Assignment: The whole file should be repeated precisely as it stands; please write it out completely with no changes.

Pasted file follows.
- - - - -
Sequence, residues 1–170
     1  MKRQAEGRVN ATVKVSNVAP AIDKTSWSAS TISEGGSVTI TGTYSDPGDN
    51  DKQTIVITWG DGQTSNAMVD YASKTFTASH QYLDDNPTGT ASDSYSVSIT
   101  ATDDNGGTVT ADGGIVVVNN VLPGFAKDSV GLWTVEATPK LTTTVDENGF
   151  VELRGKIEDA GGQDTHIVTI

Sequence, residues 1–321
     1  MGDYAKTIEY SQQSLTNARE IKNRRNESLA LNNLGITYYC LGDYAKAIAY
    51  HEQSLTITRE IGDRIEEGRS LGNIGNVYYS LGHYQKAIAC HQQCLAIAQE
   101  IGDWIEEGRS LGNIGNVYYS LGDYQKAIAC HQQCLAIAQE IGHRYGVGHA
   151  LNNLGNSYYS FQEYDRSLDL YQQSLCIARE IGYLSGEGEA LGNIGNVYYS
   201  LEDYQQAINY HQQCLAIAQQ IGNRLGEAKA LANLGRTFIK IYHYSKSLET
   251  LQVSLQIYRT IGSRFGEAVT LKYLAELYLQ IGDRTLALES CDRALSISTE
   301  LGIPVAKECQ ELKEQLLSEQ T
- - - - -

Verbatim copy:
Sequence, residues 1–170
     1  MKRQAEGRVN ATVKVSNVAP AIDKTSWSAS TISEGGSVTI TGTYSDPGDN
    51  DKQTIVITWG DGQTSNAMVD YASKTFTASH QYLDDNPTGT ASDSYSVSIT
   101  ATDDNGGTVT ADGGIVVVNN VLPGFAKDSV GLWTVEATPK LTTTVDENGF
   151  VELRGKIEDA GGQDTHIVTI

Sequence, residues 1–321
     1  MGDYAKTIEY SQQSLTNARE IKNRRNESLA LNNLGITYYC LGDYAKAIAY
    51  HEQSLTITRE IGDRIEEGRS LGNIGNVYYS LGHYQKAIAC HQQCLAIAQE
   101  IGDWIEEGRS LGNIGNVYYS LGDYQKAIAC HQQCLAIAQE IGHRYGVGHA
   151  LNNLGNSYYS FQEYDRSLDL YQQSLCIARE IGYLSGEGEA LGNIGNVYYS
   201  LEDYQQAINY HQQCLAIAQQ IGNRLGEAKA LANLGRTFIK IYHYSKSLET
   251  LQVSLQIYRT IGSRFGEAVT LKYLAELYLQ IGDRTLALES CDRALSISTE
   301  LGIPVAKECQ ELKEQLLSEQ T